Horace, Epodes

LCL 33: 274-275

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Horace

inutilisque falce ramos amputans feliciores inserit, 15aut pressa puris mella condit amphoris, aut tondet infirmas ovis; vel cum decorum mitibus pomis caput Autumnus agris extulit, ut gaudet insitiva decerpens pira 20certantem et uvam purpurae, qua muneretur te, Priape, et te, pater Silvane, tutor finium! libet iacere modo sub antiqua ilice, modo in tenaci gramine: 25labuntur altis interim ripis1 aquae, queruntur in silvis aves, fontesque lymphis obstrepunt manantibus, somnos quod invitet levis. at cum tonantis annus hibernus Iovis 30imbris nivisque comparat, aut trudit acris hinc et hinc multa cane apros in obstantis plagas, aut amite levi rara tendit retia, turdis edacibus dolos, 35pavidumque leporem et advenam laqueo gruem iucunda captat praemia. quis non malarum, quas amor curas habet, haec inter obliviscitur? quodsi pudica mulier in partem iuvet 40domum atque dulcis liberos, Sabina qualis aut perusta solibus pernicis uxor Apuli, sacrum vetustis exstruat lignis focum lassi sub adventum viri,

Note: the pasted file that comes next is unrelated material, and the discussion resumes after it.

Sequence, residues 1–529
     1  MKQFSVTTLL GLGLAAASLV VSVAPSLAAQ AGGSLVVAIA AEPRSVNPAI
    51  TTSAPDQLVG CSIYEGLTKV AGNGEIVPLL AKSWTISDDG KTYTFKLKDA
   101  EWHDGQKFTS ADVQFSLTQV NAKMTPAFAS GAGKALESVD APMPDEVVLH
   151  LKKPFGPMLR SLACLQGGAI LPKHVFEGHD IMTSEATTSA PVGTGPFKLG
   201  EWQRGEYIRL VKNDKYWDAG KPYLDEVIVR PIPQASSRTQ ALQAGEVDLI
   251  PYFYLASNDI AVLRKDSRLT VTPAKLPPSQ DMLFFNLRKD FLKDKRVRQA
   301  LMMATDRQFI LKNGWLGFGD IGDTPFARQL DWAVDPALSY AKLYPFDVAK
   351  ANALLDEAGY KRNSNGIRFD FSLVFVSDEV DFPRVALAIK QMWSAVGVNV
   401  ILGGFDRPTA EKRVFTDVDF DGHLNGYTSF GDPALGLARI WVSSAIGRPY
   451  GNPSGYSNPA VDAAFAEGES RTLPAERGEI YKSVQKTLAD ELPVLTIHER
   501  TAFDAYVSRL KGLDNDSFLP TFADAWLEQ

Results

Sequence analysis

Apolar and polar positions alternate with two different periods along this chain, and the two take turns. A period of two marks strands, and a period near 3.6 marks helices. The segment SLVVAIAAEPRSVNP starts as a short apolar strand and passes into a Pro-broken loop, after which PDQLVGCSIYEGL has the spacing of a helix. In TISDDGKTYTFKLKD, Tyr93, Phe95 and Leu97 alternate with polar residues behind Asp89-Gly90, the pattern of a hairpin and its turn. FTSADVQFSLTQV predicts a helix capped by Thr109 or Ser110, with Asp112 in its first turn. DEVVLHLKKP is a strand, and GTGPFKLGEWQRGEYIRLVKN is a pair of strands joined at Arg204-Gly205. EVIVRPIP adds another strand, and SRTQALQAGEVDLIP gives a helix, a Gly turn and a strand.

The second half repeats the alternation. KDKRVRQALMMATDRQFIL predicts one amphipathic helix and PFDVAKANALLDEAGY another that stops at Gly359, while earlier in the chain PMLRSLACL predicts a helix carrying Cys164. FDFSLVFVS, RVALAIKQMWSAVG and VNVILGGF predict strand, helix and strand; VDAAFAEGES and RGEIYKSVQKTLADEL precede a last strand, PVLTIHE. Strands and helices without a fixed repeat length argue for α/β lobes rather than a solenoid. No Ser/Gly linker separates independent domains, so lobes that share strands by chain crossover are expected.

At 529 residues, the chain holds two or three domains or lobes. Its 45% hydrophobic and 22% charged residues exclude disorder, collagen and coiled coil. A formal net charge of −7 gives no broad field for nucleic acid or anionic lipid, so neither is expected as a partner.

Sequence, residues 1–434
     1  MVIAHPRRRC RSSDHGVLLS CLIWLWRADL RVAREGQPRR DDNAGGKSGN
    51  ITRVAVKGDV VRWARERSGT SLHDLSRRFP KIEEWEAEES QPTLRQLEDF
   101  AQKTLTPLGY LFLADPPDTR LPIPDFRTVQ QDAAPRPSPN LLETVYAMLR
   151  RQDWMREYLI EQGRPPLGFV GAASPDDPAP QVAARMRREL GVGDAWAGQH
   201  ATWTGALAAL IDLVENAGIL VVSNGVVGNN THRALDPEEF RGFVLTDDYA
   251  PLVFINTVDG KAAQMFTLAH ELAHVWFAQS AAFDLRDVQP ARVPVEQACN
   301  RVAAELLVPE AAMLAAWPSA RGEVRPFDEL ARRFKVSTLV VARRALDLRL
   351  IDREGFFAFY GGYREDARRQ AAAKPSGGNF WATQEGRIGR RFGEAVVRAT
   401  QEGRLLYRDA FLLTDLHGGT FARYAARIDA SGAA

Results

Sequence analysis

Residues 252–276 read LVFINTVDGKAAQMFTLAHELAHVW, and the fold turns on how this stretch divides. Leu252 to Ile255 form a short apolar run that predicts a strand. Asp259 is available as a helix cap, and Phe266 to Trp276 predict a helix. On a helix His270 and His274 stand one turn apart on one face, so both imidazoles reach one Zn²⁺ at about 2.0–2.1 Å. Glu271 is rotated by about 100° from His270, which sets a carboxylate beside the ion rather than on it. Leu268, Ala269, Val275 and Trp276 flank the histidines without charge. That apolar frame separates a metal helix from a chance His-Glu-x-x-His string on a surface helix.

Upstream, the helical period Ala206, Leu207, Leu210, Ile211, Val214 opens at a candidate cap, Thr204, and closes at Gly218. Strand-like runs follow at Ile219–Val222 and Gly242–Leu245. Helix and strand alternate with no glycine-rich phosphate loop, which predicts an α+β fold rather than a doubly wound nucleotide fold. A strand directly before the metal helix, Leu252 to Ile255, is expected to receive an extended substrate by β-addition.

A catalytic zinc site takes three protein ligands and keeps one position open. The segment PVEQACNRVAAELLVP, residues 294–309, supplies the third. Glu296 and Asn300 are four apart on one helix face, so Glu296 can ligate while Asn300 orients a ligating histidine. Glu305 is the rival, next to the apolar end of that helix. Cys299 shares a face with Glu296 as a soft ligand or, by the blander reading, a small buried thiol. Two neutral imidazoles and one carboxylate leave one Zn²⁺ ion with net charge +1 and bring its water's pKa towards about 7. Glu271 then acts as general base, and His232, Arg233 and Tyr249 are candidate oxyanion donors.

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Epodes

dead branches with his sickle and grafts on more fruitful ones, or he squeezes out honey, storing it in clean jars, or he shears the unresisting sheep; when in the countryside Autumn raises his head arrayed with ripe fruit, how he enjoys picking the pears he grafted and the clusters that rival the dyer’s purple, to reward you, Priapus, and you, Father Silvanus, for watching over his land!

It is a delight to lie under an old holm oak, or in the clinging grass; meanwhile the streams glide between their steep banks, birds twitter in the trees, springs burble as their water gushes forth—sounds that induce a pleasant nap. But in wintertime, when thundering Jove brings masses of rain and snow, he hunts fierce boars from here and there with packs of hounds into the nets that are spread in their path, or with smooth rods he stretches baggy nets to catch greedy thrushes, and with a snare he takes a timid hare and a migrant crane—choice prizes. When occupied in these ways, who does not forget the wretched worries that accompany love?

But if a respectable wife played her part in looking after the home and the dear children (like a Sabine woman or the sun-tanned wife of an energetic Apulian), piled seasoned wood onto the sacred hearth to welcome her husband when he came home tired, shut up the teeming

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DOI: 10.4159/DLCL.horace-epodes.2004